Is it better to have derech eretz and to be a Mensch or to only learn Torah?
Maharal defines the idea of derekh eretz (Netivot Olam, netiv Derekh Eretz):
Derekh eretz is comprised of all the ethical teachings in tractate Avot, as well as the ethical teachings mentioned in the Talmud, and all other ethical teachings. It consists of conduct that is proper and that is pleasing to people. It includes teachings which, if one does not follow them, he thereby commits a great sin and transgression, so that one must be mindful of them. This is why they are called "divrei mussar" ("chastising words"), for they chastise a person that he should not walk in the path of evil.
Personification of virtue - one aspect of Derech im Eretz.
In the Talmud and Midrash, there are approximately 200 teachings concerning derech eretz as decent, polite, respectful, thoughtful, and civilized behavior. One representative teaching is that "Derech eretz comes before Torah" (Midrash Vayikra Rabbah 9:3) – one cannot personify Torah until he demonstrates derech eretz in everything that he does. There are many more such teachings in the rishonim and acharonim (post-Talmudic authorities). The mussar literature, in fact, presents an entire body of thought devoted to the subject of middot (character traits) and "behaving like a mentsh" (refined human being). Here, the way that one behaves is regarded as an external manifestation of one's middot. Wikipedia.com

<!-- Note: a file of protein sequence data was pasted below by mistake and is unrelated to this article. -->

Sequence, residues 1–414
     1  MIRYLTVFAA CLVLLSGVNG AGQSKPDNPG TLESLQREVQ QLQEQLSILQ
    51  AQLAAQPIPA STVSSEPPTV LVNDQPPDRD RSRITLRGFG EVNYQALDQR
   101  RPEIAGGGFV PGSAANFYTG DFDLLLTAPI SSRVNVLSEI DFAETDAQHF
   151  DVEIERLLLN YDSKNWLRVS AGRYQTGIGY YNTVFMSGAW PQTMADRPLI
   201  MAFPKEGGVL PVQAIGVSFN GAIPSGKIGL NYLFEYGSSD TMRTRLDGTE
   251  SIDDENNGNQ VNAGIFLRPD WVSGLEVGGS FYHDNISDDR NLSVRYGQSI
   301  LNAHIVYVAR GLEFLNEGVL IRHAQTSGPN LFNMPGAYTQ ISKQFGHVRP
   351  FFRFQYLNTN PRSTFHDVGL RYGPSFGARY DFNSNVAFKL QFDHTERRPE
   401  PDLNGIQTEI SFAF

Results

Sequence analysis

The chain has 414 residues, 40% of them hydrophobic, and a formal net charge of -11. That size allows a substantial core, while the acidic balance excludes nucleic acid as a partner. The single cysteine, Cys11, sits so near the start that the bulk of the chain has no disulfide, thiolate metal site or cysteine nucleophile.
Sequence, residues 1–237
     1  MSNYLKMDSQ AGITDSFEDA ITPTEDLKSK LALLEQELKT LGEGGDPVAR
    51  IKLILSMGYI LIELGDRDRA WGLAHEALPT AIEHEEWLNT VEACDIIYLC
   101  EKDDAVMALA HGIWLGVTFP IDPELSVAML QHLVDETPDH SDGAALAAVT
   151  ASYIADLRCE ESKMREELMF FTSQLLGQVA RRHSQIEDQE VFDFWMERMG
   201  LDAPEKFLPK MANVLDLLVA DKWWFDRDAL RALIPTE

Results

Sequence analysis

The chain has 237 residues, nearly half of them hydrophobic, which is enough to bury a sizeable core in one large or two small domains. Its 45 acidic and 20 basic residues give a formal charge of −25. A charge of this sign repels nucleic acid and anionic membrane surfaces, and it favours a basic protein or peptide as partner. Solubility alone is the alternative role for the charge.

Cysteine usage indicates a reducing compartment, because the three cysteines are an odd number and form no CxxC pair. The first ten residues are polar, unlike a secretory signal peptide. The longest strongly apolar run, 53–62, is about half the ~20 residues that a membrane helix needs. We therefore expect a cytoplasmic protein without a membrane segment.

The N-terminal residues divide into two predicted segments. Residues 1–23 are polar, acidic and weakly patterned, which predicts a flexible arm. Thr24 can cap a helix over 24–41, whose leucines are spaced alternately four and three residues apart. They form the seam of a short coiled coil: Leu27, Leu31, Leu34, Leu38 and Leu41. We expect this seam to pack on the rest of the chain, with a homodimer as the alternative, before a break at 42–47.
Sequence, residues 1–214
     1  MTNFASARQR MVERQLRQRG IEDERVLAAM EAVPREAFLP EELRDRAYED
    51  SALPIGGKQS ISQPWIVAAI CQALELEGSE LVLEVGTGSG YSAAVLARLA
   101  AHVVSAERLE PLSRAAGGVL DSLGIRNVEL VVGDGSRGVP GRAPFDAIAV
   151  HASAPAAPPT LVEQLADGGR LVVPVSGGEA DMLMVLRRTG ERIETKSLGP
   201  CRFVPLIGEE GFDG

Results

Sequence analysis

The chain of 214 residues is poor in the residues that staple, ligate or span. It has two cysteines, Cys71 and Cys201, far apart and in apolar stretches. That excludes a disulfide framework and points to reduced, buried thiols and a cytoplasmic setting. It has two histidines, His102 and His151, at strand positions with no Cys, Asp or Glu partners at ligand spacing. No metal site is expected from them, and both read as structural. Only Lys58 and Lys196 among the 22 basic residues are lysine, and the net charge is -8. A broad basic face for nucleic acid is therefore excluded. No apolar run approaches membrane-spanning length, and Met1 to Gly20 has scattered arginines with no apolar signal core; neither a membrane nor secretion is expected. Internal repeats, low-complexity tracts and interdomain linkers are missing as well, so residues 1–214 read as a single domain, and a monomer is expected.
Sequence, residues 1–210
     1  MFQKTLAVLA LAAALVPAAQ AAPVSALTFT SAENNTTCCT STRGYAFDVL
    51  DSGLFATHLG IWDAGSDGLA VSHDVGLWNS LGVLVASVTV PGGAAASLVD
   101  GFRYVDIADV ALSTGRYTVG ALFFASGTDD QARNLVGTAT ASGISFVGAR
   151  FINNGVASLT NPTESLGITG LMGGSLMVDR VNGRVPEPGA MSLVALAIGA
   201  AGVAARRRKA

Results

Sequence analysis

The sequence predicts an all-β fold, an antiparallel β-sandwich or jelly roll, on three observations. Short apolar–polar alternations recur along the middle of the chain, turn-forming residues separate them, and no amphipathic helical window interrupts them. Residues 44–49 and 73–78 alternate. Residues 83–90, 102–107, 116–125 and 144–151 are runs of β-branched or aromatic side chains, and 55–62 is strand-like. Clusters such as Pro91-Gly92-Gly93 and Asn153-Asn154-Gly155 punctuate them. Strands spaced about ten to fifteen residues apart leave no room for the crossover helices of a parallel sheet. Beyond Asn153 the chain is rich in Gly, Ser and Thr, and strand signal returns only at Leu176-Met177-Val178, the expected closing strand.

Under the general rubric of derech eretz, the sages caution us against overeating, eating too quickly, or staring at someone else who is eating. Also, one should not talk too loudly or too much, and should greet people pleasantly. Likewise, a person with derech eretz is careful to spend only what they can afford. In order to raise children with derech eretz, it’s important not to spoil them by accustoming them to having delicacies. In general, to have derech eretz usually means to live ethically, responsibly and with dignity, and to be considerate of others.
Sources and ideas were inspired by Harav Amital's essay "derekh eretz -Being a Mensch" and The Legacy by Rabbi Berel Wein and Rabbi Goldstien.